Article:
You’re So Special (Not)

I have a Facebook friend who is a sincere and very loving Christian. He likes to post inspirational messages. If perchance he posts something I can agree with, I make a point of telling him so. I would never get into a religious wrangle with him, because he’s too nice a person.

Today he posted this quote from Malcolm Muggeridge: “Every happening, great and small, is a parable whereby God speaks to us, and the art of life is to get the message.” I suggested, mildly enough, that I thought this was a bit self-aggrandizing — a bit lacking in humility. To my surprise, he and one of his friends defended the point that Muggeridge was making.

After meditating on it for a few minutes, I’ve decided that this is one of the defining flaws of Christianity. Certainly not the only flaw, but a more important one than I had heretofore considered.

It would appear that many Christians sincerely believe that the entire Universe is about us — about you and me and the rest of the human crew. There’s God, who created the whole thing, and we humans are his super-duper special creation, with whom he is uniquely concerned. The rest of the Universe exists solely as a backdrop for the giant morality play that unfolds here among us. God’s primary concern, in all of Creation, is to guide us in making the moral choices of which he approves. Everything else is of secondary concern, at most.

I think that sums up Muggeridge’s view. Entire galaxies, spinning in the heavens, exist not in their own right but solely and entirely as illustrations for our benefit of God’s infinite power or sense of beauty.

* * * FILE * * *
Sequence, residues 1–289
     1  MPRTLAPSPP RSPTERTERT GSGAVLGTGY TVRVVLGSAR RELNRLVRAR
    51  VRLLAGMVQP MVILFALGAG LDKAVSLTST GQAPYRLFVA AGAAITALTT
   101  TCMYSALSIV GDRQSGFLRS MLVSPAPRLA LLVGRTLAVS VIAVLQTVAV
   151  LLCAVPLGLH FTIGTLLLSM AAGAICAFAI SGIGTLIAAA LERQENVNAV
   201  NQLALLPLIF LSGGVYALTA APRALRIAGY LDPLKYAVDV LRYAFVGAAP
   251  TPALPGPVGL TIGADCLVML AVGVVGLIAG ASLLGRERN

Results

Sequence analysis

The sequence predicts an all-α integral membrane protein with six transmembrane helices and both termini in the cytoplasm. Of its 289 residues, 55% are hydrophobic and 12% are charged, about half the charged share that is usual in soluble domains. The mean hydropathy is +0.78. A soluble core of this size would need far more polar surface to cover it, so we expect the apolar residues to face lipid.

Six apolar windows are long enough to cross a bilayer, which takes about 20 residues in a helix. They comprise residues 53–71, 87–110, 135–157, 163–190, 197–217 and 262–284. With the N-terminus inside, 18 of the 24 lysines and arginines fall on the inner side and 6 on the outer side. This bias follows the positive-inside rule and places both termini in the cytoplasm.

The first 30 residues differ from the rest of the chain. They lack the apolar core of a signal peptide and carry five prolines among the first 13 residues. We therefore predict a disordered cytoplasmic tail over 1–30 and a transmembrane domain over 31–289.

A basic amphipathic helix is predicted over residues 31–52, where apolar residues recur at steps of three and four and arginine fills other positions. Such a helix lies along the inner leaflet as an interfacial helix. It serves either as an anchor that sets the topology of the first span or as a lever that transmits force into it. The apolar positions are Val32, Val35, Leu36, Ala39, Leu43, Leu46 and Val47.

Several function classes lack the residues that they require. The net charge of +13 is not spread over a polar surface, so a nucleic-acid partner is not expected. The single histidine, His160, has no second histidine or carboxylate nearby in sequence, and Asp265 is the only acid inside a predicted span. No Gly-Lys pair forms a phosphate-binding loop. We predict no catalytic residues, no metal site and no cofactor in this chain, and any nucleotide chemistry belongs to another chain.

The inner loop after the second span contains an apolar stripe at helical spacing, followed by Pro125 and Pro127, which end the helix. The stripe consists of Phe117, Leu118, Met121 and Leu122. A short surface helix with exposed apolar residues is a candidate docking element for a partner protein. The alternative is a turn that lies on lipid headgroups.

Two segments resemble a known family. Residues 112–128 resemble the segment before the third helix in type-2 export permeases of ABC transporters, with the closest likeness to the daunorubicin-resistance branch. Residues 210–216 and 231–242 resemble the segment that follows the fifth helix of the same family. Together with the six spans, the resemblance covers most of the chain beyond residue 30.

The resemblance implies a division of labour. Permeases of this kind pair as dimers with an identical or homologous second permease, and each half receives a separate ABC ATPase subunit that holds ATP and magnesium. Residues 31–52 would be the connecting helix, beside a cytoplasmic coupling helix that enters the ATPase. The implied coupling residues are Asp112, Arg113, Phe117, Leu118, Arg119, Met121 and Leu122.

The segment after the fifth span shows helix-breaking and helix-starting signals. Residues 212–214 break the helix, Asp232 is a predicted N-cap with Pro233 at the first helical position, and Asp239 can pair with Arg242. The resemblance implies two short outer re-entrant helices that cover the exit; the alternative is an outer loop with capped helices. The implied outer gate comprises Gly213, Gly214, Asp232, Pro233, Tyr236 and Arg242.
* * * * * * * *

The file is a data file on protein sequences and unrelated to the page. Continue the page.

On alternate Thursday afternoons, from 2:00 to 4:00, I have a stab at believing in God. One of the things I’ve concluded is that if there is such an entity (a proposition that Read more

Skip the Voltage

Here’s the hard truth about analog modular synthesizers. As much as I’m attracted to them, they’re sorely limited in all sorts of ways. Also expensive.

For the last few days, while working with the Buchla Skylab, I’ve been contemplating what we might call process music — music in which tone production is sort of ongoing. Perhaps influenced by the composer/performer while it plays, or perhaps entirely automated, but that’s a less significant criterion.

This notion inspired me to put together a little piece called “Jungle Nights” in my computer using Csound:

I won’t claim this is a terrific piece of music. I’m not even sure it’s finished — I have some more thoughts about how to improve it. But it illustrates fairly well the idea of music as process.

The thing is, you couldn’t do this piece using the Skylab, not even if you cheated and added an outboard reverb and delay. The main tone and the drumming you couldn’t even come close to. The hissing noises and the little tone bursts could be Read more

A Reasonable Debate

Today I got embroiled in one of those pointless, demeaning, infuriating political discussions on Facebook. I can usually hold my own, but I started to feel ganged up on. There were three of them and only one of me, so I had to pull back, take a deep breath, and collect my thoughts. In any case, the one-sentence comeback style that predominates on Facebook is not conducive to reasoned discussion.

In an attempt (perhaps forlorn) to elevate the debate, I feel I should lay out the political and social situation as I understand it. Then, the next time one of these discussions is in the offing, I can simply say, “Please go read my blog. I’ve addressed that question there, in detail.”

To begin with, I think we all, both conservatives and liberals, have pretty much the same core desires. We all want to live in safe, pleasant communities. We all want our children (if we have children) to be healthy and well educated. We all want to have a few nice things, and to be able to pass on a decent standard of living to our children (if we have children). We all enjoy having the freedom to make important life choices for ourselves, free of government interference (though of course I’m tiptoeing along the edge of an abyss with that statement, because “freedom to choose” is a hot-button issue). We all want to be able to achieve our goals, whatever they may be, and to have a sense of accomplishment. We all want to be appreciated for the hard and sometimes unpleasant work we have sweated over on the way to achieving those goals.